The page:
The provider is the only major firm to refuse to offer discounts to out-of-contract customers.
When was the last time you switched mobile provider? Confession time ‒ I never have. When I first got a mobile phone, back in what feels now like the dark ages, it was with the predecessor of what we now know as O2.
And I’ve been with the firm ever since.
This isn’t through some weird misplaced loyalty either as I make sure to move to a new deal whenever my contract ends, it’s just never with another provider.
There are plenty of other mobile phone users with a similar approach to me. They get a phone, a number they can actually memorise, and that’s the end of that.
In fact, they probably end up in an even worse position as they don’t look for a new package to move onto when their initial one ends.
And as a result, the provider hikes up their bills, leaving them counting the cost for their apathy over moving to a rival mobile phone network or even switching to a new SIM-only deal.
The regulator steps in
According to communications regulator Ofcom, there are around 1.4 million mobile phone users who are ‘out of contract’, with the term of their initial deal having concluded.
These people could save money by moving onto a tariff that is SIM-only, where there are no payments towards covering the cost of a new handset to worry about.
So, earlier this year, Ofcom announced a host of measures it was introducing that it believed would increase the transparency around what we are paying for, and might give us a bit of a prod to move to a better deal when the initial contract is up.
These include pushing providers to tell customers when their contract is coming to an end, and explain the new deals they could move to, including a SIM-only tariff.
Offering customers a discount
On top of that, Ofcom also coerced a bunch of providers to be proactive for out-of-contract customers by ensuring they weren’t being milked for more money as a result of their loyalty or apathy.
For example, Virgin Mobile said it would move all of its out-of-contract customers onto an equivalent 30-day SIM-only deal, while Tesco Mobile planned to cut charges for customers to the best available airtime tariff.
O2, Vodafone and EE all came up with their own money-saving offers to help these users, and to show they weren’t taking advantage of them.
Indeed, all of the major providers stepped up to the plate to at least offer something.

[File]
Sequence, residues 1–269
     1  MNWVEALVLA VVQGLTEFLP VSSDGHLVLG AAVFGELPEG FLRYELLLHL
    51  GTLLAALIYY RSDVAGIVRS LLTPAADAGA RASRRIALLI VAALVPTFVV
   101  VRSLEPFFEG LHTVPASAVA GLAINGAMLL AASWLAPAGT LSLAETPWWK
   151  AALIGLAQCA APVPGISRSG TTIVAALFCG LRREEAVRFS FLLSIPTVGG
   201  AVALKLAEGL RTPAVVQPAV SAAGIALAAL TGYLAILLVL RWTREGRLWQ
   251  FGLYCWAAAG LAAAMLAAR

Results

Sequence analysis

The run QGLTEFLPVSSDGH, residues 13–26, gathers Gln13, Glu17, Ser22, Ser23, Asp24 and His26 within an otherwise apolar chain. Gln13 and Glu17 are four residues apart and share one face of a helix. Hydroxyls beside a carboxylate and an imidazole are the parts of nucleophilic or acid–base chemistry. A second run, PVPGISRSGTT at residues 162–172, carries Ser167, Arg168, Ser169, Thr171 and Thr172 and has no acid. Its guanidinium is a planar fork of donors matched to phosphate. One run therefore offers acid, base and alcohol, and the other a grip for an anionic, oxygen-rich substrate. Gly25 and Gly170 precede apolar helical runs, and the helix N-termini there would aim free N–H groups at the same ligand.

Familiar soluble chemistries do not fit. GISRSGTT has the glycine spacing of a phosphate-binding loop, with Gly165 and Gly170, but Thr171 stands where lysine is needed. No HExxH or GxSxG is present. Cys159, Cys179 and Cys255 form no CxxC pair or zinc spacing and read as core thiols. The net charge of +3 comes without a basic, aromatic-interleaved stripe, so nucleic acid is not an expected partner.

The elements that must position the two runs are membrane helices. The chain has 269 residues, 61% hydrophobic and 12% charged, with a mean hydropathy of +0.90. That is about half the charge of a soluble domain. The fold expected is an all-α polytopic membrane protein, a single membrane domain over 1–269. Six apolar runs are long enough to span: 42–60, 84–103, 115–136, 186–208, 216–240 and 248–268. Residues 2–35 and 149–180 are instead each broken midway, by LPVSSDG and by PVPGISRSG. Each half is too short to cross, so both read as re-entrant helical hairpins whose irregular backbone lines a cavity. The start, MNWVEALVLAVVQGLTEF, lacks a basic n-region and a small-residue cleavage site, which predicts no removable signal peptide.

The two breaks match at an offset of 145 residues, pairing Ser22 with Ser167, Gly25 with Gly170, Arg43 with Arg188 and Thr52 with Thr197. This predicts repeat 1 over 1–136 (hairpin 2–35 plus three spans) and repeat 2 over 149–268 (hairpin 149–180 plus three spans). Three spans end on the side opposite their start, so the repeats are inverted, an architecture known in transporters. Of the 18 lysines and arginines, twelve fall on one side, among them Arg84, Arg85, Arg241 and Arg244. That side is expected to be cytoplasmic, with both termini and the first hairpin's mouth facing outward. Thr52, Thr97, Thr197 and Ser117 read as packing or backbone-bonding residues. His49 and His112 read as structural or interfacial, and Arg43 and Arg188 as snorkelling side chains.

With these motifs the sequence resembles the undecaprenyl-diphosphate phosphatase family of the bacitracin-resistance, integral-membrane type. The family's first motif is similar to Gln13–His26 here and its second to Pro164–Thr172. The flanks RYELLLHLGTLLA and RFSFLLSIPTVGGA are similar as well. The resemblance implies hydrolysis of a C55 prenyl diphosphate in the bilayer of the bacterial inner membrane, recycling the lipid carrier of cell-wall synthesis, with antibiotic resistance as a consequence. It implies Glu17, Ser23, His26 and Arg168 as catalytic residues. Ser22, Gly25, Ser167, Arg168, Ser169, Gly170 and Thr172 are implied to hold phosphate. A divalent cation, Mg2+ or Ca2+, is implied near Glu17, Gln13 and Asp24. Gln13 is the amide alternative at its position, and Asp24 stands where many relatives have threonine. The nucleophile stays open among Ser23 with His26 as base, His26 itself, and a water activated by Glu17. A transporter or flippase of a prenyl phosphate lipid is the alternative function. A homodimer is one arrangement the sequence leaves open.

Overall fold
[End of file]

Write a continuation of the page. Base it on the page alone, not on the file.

Well, all except Three.
Playing by their own rules
Those measures were announced back in July. We are now in October, and Three is still refusing to play ball.
Citizens Advice has analysed data from the firm and reckons there are currently up to 210,000 Three customers who are out of contract and potentially being effectively penalised by between £10 and £13 a month.
In the course of a year, Citizens Advice reckons that these customers are being overcharged by anything between £18m and £32.4m.
Three has defended itself, saying that an “arbitrary” discount is not really in customers’ best interests:
"We are working hard to create a market where customers are engaged and happy, by pushing for easier switching, all handsets to be unlocked, end-of-contract notifications and best tariff advice," commented Three.
That’s just cobblers though. It’s a farce that if you aren’t “engaged” with the market, you end up getting massively overcharged.
No sense of shame
Part of the problem of course is that these measures are voluntary.
Ofcom hasn’t forced the providers to stop mocking their customers by milking them for every penny they can ‒ it’s made the case for why doing so is wrong, and thankfully most of them have listened.
That’s the thing ‒ yes businesses want to make money, but it would be unfair to view them all as greedy and heartless.
Demonstrate to them that something they are doing is unnecessary and there’s a good chance some common decency will kick in, especially once they know that their rivals are also acting.
That’s where consumer advocates like Which? and Citizens Advice do such a brilliant job.
But if firms won’t be shamed into doing the right thing, then it’s up to regulators to show some teeth.
Their job is to protect normal people like you and me, to keep providers in line. And if voluntary measures aren’t going far enough, we need proper rules around precisely how providers can treat customers who come to the end of their contracts.
We’ve already seen it happen in the energy market, with the introduction of a price cap, and while the effectiveness of that cap is open to debate, it’s at least a step in the right direction.
Perhaps the threat of actual rules might encourage Three to do the right thing.
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